Facebook users’ leak – just another thread … the same data observed in 2019.

Another leak with approximately 533 million Facebook users was published online and harvested by criminals in 2019 using a disclosed vulnerability.

But, can we consider this leak something new?  No! 

 

In early 2020 a vulnerability that enabled seeing the phone number linked to every Facebook account was exploited, creating a database containing the information of 533m users across all countries.

 

The leaked data includes full names, Facebook IDs, mobile numbers, locations, email addresses, gender, occupation, city, country, marital status broken, account creation date, and other profile details down by country. In addition, over 32 million records belonging to users in the U.S., 11 million users in the U.K., six million users in India,  and 2 million in Portugal, among others.

In detail, the data includes user details from 106 countries. Additionally, the data seems to have been obtained by exploiting a vulnerability in 2019 that enabled automated scripts to scrape Facebook users’ public profiles and associated private phone numbers en masse. The flaw has since been fixed by Facebook.

Figure 1: Facebook users’ data leaked in April 2019.

 

A compilation was also published in December 2020 in the Italian language – and because of this, we cannot consider this data something new now.

Figure 2: Facebook leak in the Italian language – December 2020.

 

In this new leak (April 2021), the data appears to have been normalized by criminals as we can see in the Portuguese leak below. As observed in Figure 3, the number of lines is the same – 2277361, containing the same users, including their data seen in the past.

Figure 3: Data leak 2019 vs 2021 – The same users, compromised data, just another thread.

 

“This is old data that was previously reported on in 2019. We found and fixed this issue in August 2019,” said Liz Bourgeois, Facebook’s director of strategic response communications, in a Saturday tweet.

 

2.277.361 Facebook users were compromised in this data breach.  From the total, 25.324 emails in the Portuguese dataset were also leaked, with the DOMAIN TOP 50 used by the Portuguese users listed below.

10646 hotmail.com
 9336 gmail.com
 1235 sapo.pt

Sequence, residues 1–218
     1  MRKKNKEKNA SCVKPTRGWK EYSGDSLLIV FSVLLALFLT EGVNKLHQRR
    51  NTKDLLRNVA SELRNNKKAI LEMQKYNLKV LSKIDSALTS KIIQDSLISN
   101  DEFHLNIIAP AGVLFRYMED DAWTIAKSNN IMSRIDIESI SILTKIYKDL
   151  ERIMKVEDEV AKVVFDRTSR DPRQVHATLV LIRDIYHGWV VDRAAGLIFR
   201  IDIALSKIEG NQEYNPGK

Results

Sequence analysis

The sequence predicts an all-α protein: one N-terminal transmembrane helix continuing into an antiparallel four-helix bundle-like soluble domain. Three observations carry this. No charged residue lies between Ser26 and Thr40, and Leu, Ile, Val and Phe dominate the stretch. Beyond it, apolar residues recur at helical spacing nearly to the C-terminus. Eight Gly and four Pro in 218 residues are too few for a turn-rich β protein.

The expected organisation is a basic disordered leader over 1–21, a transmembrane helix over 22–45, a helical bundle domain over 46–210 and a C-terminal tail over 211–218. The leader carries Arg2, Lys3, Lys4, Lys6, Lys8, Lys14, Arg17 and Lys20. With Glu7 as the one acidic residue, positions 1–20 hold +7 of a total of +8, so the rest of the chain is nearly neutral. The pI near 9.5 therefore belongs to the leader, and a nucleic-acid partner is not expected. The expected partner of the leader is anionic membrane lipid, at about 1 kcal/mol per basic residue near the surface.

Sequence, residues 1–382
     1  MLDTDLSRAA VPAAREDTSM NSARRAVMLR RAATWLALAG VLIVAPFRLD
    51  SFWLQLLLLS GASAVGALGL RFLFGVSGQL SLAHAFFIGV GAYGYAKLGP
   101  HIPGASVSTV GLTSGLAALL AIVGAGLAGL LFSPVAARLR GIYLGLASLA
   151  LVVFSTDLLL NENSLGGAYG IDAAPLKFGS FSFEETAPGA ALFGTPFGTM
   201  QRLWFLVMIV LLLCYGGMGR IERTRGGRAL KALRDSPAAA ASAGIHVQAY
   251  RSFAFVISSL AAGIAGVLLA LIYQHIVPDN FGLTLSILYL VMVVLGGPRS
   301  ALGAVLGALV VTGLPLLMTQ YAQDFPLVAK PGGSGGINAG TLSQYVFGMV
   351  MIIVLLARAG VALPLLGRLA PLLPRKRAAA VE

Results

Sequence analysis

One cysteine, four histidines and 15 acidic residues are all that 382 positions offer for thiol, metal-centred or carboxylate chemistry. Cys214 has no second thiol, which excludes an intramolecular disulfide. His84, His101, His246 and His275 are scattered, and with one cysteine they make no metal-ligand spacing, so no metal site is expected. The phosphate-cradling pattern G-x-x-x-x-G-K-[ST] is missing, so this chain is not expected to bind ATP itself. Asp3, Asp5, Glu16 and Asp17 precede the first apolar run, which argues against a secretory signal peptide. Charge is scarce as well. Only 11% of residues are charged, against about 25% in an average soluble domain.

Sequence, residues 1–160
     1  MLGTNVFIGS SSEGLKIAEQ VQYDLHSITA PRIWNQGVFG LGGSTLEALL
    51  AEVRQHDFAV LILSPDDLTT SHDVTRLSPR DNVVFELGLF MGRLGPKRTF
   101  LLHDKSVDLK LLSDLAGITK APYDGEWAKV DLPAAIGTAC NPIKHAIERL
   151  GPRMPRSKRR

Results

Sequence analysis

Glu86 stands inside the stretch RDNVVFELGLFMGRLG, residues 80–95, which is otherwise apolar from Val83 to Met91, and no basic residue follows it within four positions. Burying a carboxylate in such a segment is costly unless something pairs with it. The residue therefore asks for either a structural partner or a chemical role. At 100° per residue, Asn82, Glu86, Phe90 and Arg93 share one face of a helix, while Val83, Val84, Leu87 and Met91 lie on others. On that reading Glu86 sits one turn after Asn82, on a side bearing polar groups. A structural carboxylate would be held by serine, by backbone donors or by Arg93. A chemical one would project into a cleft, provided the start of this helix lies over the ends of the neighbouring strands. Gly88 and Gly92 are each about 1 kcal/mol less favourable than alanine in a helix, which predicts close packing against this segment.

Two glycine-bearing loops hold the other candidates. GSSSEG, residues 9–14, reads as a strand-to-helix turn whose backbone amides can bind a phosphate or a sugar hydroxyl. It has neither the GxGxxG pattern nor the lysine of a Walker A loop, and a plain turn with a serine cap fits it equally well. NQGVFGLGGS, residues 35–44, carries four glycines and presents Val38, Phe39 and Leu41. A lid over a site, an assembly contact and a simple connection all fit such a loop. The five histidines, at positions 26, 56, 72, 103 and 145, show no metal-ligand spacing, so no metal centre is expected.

819 live.com.pt
  304 yahoo.com
  175 msn.com
  171 iol.pt
  157 outlook.pt
  148 netcabo.pt
  114 remax.pt
  108 outlook.com
   84 live.com
   74 yahoo.com.br
   51 clix.pt
   38 mail.ru
   38 icloud.com
   34 portugalmail.pt
   30 hotmail.co.uk
   29 hotmail.fr
   25 kwportugal.pt
   24 mail.telepac.pt
   22 yahoo.co.uk
   22 netmadeira.com
   19 me.com
   18 century21.pt
   15 netvisao.pt
   12 portugalmail.com
   12 iadportugal.pt
   11 ymail.com
   11 yahoo.fr
   11 mail.com
   10 googlemail.com
   10 decisoesesolucoes.com
   10 adv.oa.pt
    9 hotmail.es
    9 aeiou.pt
    9 abv.bg
    8 vodafone.pt
    8 net.sapo.pt
    8 mac.com
    7 mail.pt
    7 era.pt
    6 zonmail.pt
    6 yahoo.es
    6 ua.pt
    6 hotmail.com.br
    6 entreportas.pt
    5 yahoo.in
    5 live.fr
    5 hotmail.de

 

Old data or not, the fact that the data appears to have been obtained by scraping Facebook profiles further complicates the company’s equation with privacy. Facebook users are now their data available online without their consent.

Even though this dump appears to have sold in criminal communities at least since last year, several Telegram bot appeared on the scene earlier this January allowed users to look up a phone number and receive the corresponding user’s Facebook ID.

Figure 4: Telegram bot allowing to lookup a phone number (source).

 

The data has been also spread on several hacking groups since December 2020 (Telegram, Signal, WhatsApp, etc), an indicator that data is now in the tentacles of criminals’ gangues and ready to be used in massive attacks.

Figure 5: Facebook data published on several hacking groups online for free (Telegram groups, Signal, WhatsApp, etc).

 

In sum, criminals have the opportunity of using the leaked data to perform malicious activities such as social engineering schemas, marketing scams, and other cybercrime. With a large volume of valid phone numbers, smishing attacks can be used to send fake data that seems legitimate to victims.

Share phishing or malware suspicions/ongoing campaigns with us via the form available here, or by submitting it to the 0xSI_f33d – a feed that compiles fraudulent campaigns in Portugal.